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getting to know malaysians


 


Flinstone's
Fredo

With pleasantries out of the way, FREDO properly introduces himself. Born Villenguez Alfredo Valentino, he is a Filipino by descent and a Singaporean by nationality. He hails from a musically inclined family; his mother was a 'bangsawan' and his father, a saxophonist. He has seven siblings and the other three boys were also into the music scene in their younger days.

"Music was an integrated thing, a way of life. I grew up calling people like P. Ramlee and Saloma 'uncle' and 'aunty'."

Fredo recalls how he used to dance around his relatives on special occasions such as Christmas with a song that goes like this:

If I stick out my right hand, ten cents

If I stick out my left hand, five cents

If I stick out both hands, twenty cents

That's one kid who knew how to capitalise on his talents.

His first public performance was at eight when he entered a talentine contest as a soloist.

"I was the youngest and most daring so they gave me a consolation prize even though I was off key," he says with a chuckle.

Then he began to learn how to play musical instruments, starting with the ukulele and progressing to the guitar, drums, saxophone and keyboards. At 15, he made his debut as a professional musician with the TOMBS, then the Trackers, the Jets, and the Asians.

The Asians were later renamed the Flybaits and they were one of the most popular bands in the region in the seventies. They worked the club circuit and cut four albums. Fans will surely remember the haunting 'Kenangan Lalu', their greatest hit. One of their albums was in English but unfortunately it didn't fare too well.

After fifteen years with the group FREDO decided to call it quits.

"We recorded commercial stuff but the band was basically into jazz rock. The other members wanted to play music that please them and not the audience so I left in 1984 to form the Flinstones. Not long after that the Flybaits disbanded."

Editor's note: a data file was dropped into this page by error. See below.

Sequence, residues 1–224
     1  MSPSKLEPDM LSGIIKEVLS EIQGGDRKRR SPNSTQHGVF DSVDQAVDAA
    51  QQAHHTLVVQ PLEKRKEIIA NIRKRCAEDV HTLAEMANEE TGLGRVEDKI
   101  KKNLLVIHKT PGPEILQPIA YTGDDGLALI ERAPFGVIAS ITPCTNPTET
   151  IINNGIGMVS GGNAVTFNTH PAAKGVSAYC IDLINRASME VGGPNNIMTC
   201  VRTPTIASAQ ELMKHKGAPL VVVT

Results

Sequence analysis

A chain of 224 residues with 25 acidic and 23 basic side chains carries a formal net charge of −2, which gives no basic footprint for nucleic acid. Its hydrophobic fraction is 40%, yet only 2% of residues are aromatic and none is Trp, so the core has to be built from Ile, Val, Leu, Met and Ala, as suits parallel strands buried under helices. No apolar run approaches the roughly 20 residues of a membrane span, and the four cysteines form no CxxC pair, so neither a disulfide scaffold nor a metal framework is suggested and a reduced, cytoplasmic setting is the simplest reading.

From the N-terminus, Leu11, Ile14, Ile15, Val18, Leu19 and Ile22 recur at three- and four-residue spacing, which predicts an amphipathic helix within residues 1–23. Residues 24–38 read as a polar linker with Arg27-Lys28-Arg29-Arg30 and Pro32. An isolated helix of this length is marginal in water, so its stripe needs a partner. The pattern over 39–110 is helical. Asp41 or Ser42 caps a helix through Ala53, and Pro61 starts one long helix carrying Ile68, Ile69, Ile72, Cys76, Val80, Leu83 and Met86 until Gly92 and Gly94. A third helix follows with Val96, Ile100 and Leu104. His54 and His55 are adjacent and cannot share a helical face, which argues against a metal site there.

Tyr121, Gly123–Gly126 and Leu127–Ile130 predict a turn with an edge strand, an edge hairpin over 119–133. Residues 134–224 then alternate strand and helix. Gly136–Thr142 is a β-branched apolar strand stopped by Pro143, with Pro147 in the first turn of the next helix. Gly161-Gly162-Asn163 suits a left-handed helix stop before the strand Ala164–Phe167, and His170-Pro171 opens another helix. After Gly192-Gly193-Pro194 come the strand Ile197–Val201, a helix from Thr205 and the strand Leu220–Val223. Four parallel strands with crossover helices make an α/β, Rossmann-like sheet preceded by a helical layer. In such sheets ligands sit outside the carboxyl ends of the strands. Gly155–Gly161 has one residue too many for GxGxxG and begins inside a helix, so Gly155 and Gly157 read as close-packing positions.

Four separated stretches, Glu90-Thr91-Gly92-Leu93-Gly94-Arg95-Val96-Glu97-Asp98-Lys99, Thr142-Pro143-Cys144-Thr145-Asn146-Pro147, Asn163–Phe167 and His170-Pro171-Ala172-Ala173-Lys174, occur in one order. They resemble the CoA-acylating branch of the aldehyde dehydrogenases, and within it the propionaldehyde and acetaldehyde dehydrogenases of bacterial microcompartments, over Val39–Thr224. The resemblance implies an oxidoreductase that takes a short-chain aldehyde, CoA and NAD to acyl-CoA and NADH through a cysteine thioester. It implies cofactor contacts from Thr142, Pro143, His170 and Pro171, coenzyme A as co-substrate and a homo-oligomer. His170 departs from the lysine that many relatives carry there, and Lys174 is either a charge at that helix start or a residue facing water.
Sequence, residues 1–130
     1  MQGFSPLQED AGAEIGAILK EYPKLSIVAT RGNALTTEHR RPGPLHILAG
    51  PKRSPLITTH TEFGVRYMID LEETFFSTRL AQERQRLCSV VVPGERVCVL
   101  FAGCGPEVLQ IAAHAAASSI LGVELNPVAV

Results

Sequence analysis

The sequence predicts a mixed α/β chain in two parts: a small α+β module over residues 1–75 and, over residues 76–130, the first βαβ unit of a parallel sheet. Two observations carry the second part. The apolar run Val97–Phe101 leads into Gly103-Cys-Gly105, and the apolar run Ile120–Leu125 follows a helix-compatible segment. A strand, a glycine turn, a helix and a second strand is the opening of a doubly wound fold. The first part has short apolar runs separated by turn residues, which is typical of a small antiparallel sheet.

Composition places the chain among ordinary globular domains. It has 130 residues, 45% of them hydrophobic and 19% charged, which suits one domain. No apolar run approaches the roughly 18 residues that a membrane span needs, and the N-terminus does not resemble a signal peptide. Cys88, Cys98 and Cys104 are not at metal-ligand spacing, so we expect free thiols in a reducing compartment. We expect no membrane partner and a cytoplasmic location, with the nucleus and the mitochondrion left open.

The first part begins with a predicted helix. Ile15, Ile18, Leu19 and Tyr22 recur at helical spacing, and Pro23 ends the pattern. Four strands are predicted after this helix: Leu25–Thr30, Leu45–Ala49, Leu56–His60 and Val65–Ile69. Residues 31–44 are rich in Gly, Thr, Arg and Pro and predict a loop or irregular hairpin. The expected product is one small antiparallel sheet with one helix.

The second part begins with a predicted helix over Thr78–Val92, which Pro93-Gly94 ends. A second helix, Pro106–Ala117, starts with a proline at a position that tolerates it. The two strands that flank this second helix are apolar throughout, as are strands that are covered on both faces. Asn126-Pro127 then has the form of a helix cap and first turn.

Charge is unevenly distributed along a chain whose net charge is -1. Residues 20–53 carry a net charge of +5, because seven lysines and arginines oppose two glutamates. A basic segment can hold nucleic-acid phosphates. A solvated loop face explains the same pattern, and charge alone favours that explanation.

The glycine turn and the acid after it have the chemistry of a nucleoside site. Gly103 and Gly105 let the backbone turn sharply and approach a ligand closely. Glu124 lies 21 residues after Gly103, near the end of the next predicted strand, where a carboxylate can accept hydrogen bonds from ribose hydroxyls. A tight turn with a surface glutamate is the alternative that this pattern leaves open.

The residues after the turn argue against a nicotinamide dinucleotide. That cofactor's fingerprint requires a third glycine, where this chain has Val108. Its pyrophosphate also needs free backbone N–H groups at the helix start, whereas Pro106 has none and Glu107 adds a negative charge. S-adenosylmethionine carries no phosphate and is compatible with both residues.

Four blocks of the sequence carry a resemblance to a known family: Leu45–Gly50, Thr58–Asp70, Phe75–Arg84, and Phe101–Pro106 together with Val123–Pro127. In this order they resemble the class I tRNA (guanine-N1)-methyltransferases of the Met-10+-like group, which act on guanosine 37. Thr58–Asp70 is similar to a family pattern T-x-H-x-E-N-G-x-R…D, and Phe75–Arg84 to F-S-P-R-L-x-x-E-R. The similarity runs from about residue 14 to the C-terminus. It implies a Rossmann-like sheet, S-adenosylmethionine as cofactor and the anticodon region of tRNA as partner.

FREDO didn't name his band as such simply because it was apt.

"The Flintstones are a family thing. It's about this stoneage guy who is rough and tough but he is into family values. I wanted to create the family atmosphere in the band, where everyone sings along happily and there is peace among the members."

With the longest surviving member in his sixth year and some in their third or fourth year, he has probably done it right. As far as Fredo is concerned, it doesn't matter if they are with him for a brief stint but he wants everyone to work in harmony.

"I don't sack anybody for no reason and I'm not the kind to throw away the bad when something good comes along. I nurture the bad and make them good but I don't want the good to become bad too."

That's why he demands a lot from his band. He uses a slingshot as an analogy.

"I'm the front man with the Flinstones behind me. They've got to play with feeling and when they push really hard I hit the audience with an impact that leaves them stunned."

For the first three years that he formed the band Fredo cut four solo albums with Polygram. With the Flinstones, he has performed all over Asia but his best hunting ground remains the local circuit where they are much sought after for two to six month gigs.

"We work ten months a year and the money here is good. As long as you build up a demand there is no shortage of work."

Fredo cites two reasons as to why the Flinstones have yet to cut an album.

"Today's generation is more demanding, moneywise. They don't think of the future but today. I'll never force anyone to stay. What I believe in is that you come in nicely and leave in the same way. That's why I don't want to bind my members to a contract and if you cut an album you've got to have the original people around when it is released. Otherwise it'll be like the Three Degrees ending up with Three and a Half Degrees and the Four Tops becoming Four and a Quarter Tops."Fredo's apprehension of cutting an album 
also stems from being disillusioned with
the recording companies

Fredo has never had problems replacing his band members. He sees it as a challenge and he believes that as the leader of the band he should not depend too much on individual members to the extent that the departure of anyone would mean the demise of the band.

He is not particular about what nationality his members are as long as they are committed to giving off their best. Currently, his band comprises six members both locals and Filipinos.

Fredo's apprehension of cutting an album also stems from being disillusioned with the recording companies.

"They seldom deliver their promises and when they do it's all glamour and very little money. I don't need the glamour anymore. As for cutting an English album for the international market, that's even more of a waste of time. There are a lot of good bands here but they're not getting what they deserve. If our top bands were American they will be driving Rolls Royces today."

 


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